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work, Work, WORK!!

Discussion in 'Semper Reformanda' started by JM, Feb 18, 2015.

  1. gordRedeemed

    gordRedeemed Well-Known Member

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    I think Jesus said you just have to believe in him to be saved, no mention of perfect doctrine or understanding of the trinity.
     
  2. abacabb3

    abacabb3 Newbie

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    That has been my understanding, but I also have found that when I accepted CHrist, I deep down knew that He was GOd. And, when I heard for the first time that the Holy Spirit is God in church a year and a half later, I just knew it was true and that it accorded with the Scripture.

    So, while someone may be saved and not exactly understand correct Christology, it appears to me by experience that they will not specifically deny any crucial Christological doctrine. Otherwise, one runs the risk of placing faith an phantom Jesus.
     
  3. brinny

    brinny everlovin' shiner of light in dark places Supporter

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    Hi brother, i noticed the title of yer thread, and read yer post, and what came to mind fer me is Martha, and then her sister Mary, who sat at Jesus feet, and then Jesus' words to Martha.

    Thank you kindly for allowing me to share my thoughts here. :)
     
  4. GQ Chris

    GQ Chris ooey gooey is for brownies, not Bible teachers

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    Works religion is an abomination.
     
  5. jimmyjimmy

    jimmyjimmy Pardoned Rebel Supporter

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    If been to maaaaaaaaany churches, and what I hear 95% of the time is moralism. It's Imperatives without indicatives.

    The imperatives must rest upon the indicatives or things go very bad, quickly.

    It seems to me that the gospel is assumed; therefore, it's ignored, at worst, and underemphasized, at best.
     
  6. stenerson

    stenerson Newbie

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    All religions, even the anti-religious teach good works and moralism.
    That's why the Gospel is scandalous to them.
     
  7. BryanW92

    BryanW92 Hey look, it's a squirrel!

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    :amen:
     
  8. gordRedeemed

    gordRedeemed Well-Known Member

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    Why is it scandalous? Honest question. Reading all 4 gospels, which I have several times over, I see good works and moralism expounded by Christ. He says those who don't do good works he 'never knew'.

    edit: pondering it more I see you meant the 'gospel' as in the Bibles' Complete Gospel. ie. grace and all that. apologies!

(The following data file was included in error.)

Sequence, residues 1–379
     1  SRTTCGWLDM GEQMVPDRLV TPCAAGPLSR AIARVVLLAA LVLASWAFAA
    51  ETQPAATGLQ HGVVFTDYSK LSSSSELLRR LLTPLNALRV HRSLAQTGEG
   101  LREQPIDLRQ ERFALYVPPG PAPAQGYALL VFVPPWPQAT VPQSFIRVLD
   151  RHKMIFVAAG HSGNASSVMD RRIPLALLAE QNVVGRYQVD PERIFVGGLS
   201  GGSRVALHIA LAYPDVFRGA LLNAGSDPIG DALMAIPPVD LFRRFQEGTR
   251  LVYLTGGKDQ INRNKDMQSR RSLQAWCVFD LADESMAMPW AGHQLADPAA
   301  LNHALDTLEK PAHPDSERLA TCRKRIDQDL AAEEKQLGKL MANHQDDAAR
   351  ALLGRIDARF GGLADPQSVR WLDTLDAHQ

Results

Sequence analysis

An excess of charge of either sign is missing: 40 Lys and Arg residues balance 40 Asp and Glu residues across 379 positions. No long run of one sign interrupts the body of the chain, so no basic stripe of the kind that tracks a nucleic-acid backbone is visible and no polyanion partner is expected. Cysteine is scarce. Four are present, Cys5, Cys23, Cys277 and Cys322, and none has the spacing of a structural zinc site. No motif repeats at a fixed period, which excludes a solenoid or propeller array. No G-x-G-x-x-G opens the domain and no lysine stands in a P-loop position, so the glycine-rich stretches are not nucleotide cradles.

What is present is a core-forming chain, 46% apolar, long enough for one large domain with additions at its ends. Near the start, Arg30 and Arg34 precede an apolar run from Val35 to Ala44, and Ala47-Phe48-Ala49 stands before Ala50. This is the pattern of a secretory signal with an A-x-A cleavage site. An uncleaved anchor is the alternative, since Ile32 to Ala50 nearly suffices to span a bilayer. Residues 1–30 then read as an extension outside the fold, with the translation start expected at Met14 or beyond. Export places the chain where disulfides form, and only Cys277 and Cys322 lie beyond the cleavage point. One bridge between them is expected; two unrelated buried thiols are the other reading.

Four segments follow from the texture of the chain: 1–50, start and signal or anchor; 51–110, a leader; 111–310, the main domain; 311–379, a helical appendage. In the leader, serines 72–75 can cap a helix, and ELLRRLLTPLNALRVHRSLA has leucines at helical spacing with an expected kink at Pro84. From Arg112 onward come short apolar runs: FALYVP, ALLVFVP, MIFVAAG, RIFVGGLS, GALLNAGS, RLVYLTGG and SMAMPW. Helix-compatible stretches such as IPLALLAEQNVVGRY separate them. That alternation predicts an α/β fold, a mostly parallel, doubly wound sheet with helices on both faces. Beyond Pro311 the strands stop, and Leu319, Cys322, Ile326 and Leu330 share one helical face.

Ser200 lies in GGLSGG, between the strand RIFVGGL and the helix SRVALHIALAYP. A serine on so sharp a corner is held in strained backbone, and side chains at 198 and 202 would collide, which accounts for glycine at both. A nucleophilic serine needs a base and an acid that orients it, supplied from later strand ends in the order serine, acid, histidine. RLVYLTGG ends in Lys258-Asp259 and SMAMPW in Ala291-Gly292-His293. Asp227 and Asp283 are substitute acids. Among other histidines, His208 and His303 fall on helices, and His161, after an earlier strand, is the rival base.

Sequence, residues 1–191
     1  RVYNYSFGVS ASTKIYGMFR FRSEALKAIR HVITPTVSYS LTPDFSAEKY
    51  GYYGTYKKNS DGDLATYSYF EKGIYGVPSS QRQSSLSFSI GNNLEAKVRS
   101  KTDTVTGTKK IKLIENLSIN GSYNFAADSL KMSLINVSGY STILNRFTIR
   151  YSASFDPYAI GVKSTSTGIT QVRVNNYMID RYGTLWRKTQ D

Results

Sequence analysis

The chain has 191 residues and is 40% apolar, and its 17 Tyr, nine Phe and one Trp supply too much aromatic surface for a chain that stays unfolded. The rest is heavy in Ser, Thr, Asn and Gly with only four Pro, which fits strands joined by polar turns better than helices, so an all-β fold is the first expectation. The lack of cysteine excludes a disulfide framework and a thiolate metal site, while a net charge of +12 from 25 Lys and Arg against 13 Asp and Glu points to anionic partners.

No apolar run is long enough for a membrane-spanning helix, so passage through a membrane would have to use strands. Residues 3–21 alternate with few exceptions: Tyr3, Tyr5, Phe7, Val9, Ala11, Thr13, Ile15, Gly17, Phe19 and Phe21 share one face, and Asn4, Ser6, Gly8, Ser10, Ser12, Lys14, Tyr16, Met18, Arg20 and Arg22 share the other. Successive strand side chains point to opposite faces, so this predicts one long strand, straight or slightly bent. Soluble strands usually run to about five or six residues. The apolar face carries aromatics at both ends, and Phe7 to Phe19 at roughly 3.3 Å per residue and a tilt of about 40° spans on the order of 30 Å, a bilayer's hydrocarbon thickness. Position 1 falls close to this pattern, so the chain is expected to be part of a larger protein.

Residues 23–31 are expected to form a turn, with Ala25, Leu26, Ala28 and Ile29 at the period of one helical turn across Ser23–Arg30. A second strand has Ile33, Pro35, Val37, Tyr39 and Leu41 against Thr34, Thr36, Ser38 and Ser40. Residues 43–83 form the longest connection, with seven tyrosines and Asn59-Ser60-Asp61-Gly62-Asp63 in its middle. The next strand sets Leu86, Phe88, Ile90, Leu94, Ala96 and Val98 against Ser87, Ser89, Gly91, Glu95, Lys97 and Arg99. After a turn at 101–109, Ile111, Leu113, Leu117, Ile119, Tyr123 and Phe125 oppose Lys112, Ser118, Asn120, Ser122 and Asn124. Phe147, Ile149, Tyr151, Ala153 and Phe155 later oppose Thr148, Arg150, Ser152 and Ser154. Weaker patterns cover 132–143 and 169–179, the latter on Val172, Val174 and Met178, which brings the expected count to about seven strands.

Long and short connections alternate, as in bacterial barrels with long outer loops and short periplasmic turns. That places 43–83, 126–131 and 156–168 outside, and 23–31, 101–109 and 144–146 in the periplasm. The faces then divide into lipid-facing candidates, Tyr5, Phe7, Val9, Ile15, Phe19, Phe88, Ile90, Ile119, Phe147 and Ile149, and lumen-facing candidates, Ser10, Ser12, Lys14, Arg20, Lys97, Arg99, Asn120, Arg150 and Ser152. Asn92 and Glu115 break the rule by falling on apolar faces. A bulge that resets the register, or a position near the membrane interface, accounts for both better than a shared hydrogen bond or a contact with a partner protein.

Last edited: Feb 21, 2015
  9. stenerson

    stenerson Newbie

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    Paul said the gospel was scandalous to the Jews and foolishness to the Greek.
    The scandal involved the free gift. The scandal was that it was all of grace.
    No religion teaches that we shouldn't do good works. No religion teaches that we should engage in evil works. The scandal is that our acceptance with God is based purely on the righteousness of Christ, His obedience and His payment for our disobedience. The scandal concerned the Jews, who had the Law, wanting to establish their own righteousness which was of works, Law and not of faith.
    As far as the "I never knew you" judgements of Christ. I feel they are often taken out of context. What specific part of the judgement is being emphasized in that passage? It's in my opinion how His people, the elect were treated. "As you have done to the least of these my brothers....."
    Don't get me wrong, the reprobate will be judged for every sinful deed, but that's not the subject or context of that passage. He is vindicating His sheep who have been persecuted, abused and not cared for by others.
     
    Last edited: Feb 21, 2015
  10. stenerson

    stenerson Newbie

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    Believe what about Him? Jesus asked who do the people say I am? Who do you say I am? The emphasis of Jesus was that He was the Son of Man, that divine, yet human figure of the book of Daniel that would put away sin and establish everlasting righteousness.
    For example, Muslims believe in him. What they believe about Him will not save them and is damning heresy.
     
  11. abacabb3

    abacabb3 Newbie

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    Great point. I think Jesus at many points was expounding upon the Law, in which we know from Paul no one can be made righteous, simply because the standards are too high.

    During the Sermon on the Mount: "You therefore must be perfect, as your heavenly Father is perfect" (Matt 5:48).

    Did you catch that? One must be perfect. That, obviously is impossible.